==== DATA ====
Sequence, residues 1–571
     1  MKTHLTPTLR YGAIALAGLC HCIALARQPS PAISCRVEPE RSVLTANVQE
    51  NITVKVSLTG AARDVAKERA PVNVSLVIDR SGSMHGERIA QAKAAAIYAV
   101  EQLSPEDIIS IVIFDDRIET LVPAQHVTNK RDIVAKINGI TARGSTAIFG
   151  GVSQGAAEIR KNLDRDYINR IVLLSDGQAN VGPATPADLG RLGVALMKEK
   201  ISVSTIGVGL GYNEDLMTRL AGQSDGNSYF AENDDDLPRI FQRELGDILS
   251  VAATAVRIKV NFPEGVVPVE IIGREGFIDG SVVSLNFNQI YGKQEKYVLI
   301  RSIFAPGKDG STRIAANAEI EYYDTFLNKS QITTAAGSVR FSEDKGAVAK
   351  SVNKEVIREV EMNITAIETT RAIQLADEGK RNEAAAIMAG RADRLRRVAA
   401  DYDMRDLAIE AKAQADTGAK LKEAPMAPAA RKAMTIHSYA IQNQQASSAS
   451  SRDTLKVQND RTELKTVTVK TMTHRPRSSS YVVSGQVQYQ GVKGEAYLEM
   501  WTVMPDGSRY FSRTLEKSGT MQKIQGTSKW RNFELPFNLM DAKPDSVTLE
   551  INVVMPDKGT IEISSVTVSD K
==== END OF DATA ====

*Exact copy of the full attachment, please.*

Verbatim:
Sequence, residues 1–571
     1  MKTHLTPTLR YGAIALAGLC HCIALARQPS PAISCRVEPE RSVLTANVQE
    51  NITVKVSLTG AARDVAKERA PVNVSLVIDR SGSMHGERIA QAKAAAIYAV
   101  EQLSPEDIIS IVIFDDRIET LVPAQHVTNK RDIVAKINGI TARGSTAIFG
   151  GVSQGAAEIR KNLDRDYINR IVLLSDGQAN VGPATPADLG RLGVALMKEK
   201  ISVSTIGVGL GYNEDLMTRL AGQSDGNSYF AENDDDLPRI FQRELGDILS
   251  VAATAVRIKV NFPEGVVPVE IIGREGFIDG SVVSLNFNQI YGKQEKYVLI
   301  RSIFAPGKDG STRIAANAEI EYYDTFLNKS QITTAAGSVR FSEDKGAVAK
   351  SVNKEVIREV EMNITAIETT RAIQLADEGK RNEAAAIMAG RADRLRRVAA
   401  DYDMRDLAIE AKAQADTGAK LKEAPMAPAA RKAMTIHSYA IQNQQASSAS
   451  SRDTLKVQND RTELKTVTVK TMTHRPRSSS YVVSGQVQYQ GVKGEAYLEM
   501  WTVMPDGSRY FSRTLEKSGT MQKIQGTSKW RNFELPFNLM DAKPDSVTLE
   551  INVVMPDKGT IEISSVTVSD K